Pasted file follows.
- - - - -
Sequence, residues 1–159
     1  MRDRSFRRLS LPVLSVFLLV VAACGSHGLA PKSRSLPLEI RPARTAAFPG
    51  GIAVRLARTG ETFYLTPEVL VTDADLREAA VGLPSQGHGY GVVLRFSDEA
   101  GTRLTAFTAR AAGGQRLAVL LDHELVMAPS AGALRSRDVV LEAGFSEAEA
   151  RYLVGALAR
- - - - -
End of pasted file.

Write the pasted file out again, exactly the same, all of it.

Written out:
Sequence, residues 1–159
     1  MRDRSFRRLS LPVLSVFLLV VAACGSHGLA PKSRSLPLEI RPARTAAFPG
    51  GIAVRLARTG ETFYLTPEVL VTDADLREAA VGLPSQGHGY GVVLRFSDEA
   101  GTRLTAFTAR AAGGQRLAVL LDHELVMAPS AGALRSRDVV LEAGFSEAEA
   151  RYLVGALAR